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Key Points

  • Disease summary:

    • Hyperlipidemia describes the phenotype of elevated blood lipids, predisposing a patient to atherosclerotic vascular disease. The overall heritability of blood lipids is often due to the interaction of a variety of alleles.

    • Classic Mendelian monogenic lipoprotein disorders, while rare, have provided profound insight into lipoprotein metabolism and atherosclerotic vascular disease.

    • Originally characterized by Fredrickson and Levy by the type of lipoprotein that accumulated in the circulation, the modern approach to classic Mendelian monogenic disorders emphasizes the molecular basis of the disease and the defect in cholesterol metabolism.

    • Within the population, blood lipid variation is typically the consequence of variation at multiple loci, in addition to significant effect from the environment.

  • Hereditary basis:

    • Monogenic forms of lipoprotein disorders will be emphasized here, however for the majority of patients with lipid disorders, no one causative allele or mutation can be identified%.

      • Genome-wide-association studies (GWAS) have identified a large number of novel loci associated with plasma lipid traits. This application of genomic medicine has uncovered numerous potential targets for therapy, as well as provided insight into the complex interplay of multiple alleles which gives rise to hyperlipidemia in most patients encountered in clinic.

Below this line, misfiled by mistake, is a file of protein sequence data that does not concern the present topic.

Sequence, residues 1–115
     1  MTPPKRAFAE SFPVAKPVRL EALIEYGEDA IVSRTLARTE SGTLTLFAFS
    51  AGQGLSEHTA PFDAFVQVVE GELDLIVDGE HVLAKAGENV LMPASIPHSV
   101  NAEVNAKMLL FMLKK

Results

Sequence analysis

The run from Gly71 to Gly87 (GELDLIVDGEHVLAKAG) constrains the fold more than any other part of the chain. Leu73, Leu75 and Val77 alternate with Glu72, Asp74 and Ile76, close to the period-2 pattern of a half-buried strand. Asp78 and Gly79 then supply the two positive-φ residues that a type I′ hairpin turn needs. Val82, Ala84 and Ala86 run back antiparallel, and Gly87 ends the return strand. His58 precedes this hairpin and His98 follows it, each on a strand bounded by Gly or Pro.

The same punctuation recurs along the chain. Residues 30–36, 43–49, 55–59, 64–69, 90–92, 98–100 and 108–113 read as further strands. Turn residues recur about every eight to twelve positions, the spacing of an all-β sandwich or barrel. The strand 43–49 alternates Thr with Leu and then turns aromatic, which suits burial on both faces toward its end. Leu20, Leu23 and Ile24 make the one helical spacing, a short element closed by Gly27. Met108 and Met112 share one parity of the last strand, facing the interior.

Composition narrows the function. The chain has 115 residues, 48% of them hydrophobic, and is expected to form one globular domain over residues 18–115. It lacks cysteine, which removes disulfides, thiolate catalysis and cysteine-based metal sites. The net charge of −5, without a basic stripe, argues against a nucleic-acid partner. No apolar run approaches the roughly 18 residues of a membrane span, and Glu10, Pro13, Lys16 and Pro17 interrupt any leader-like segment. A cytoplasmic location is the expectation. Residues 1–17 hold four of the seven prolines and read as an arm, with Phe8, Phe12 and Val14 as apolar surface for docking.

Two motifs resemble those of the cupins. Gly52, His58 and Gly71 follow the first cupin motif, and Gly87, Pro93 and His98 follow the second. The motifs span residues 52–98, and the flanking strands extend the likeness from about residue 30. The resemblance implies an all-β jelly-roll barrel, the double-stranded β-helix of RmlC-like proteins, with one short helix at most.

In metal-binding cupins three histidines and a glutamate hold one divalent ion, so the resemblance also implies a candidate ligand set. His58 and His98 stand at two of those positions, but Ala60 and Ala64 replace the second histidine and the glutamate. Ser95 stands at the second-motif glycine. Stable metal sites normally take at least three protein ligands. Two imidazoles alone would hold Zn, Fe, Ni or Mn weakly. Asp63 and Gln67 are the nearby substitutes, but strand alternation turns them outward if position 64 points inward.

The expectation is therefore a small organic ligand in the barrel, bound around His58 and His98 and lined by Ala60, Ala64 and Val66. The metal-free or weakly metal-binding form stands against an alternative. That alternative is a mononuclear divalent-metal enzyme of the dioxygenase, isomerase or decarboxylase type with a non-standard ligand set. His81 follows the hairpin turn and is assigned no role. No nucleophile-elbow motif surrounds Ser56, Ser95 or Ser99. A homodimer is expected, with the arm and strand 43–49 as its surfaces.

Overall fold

• In the population, the degree of variation in the major plasma lipid traits attributable to genetic variance is estimated to be approximately 50%. The Framingham Heart Study showed that heritability for single time point measurements of low-density lipoprotein-cholesterol (LDL-C), high-density lipoprotein-cholesterol (HDL-C), and triglycerides (TGs) is 0.59, 0.52, and 0.48, respectively.

  • Differential diagnosis:

    • The vast majority of cases of hyperlipidemia are discovered on routine screening and are infrequently due to a monogenic lipoprotein disorder. However, the presence of markedly elevated lipids or lipoproteins, xanthomas, accelerated atherosclerosis, or other clinical manifestations of hyperlipoproteinemia are suggestive of a monogenic disorder. It is important to screen for secondary causes such as nephrotic syndrome, obstructive liver disease, and hypothyroidism before making a diagnosis of a monogenic disorder and before initiating therapy.

Genetic Differential Diagnosis

Diagnostic Criteria and Clinical Characteristics of Disorders of Elevated LDL-C and Normal TGs

  • Elevated LDL-C (generally >200 mg/dL)

  • TGs normal (generally <200 mg/dL)

Often accompanied by one or more of the following:

  • Tendinous xanthomas

  • Premature corneal arcus

  • Accelerated symptomatic cardiovascular disease (CVD)

  • Family history of substantially elevated cholesterol and/or premature CVD

Table 13-1Mendelian Disorders Causing Elevated LDL-C Levels and Normal TGs

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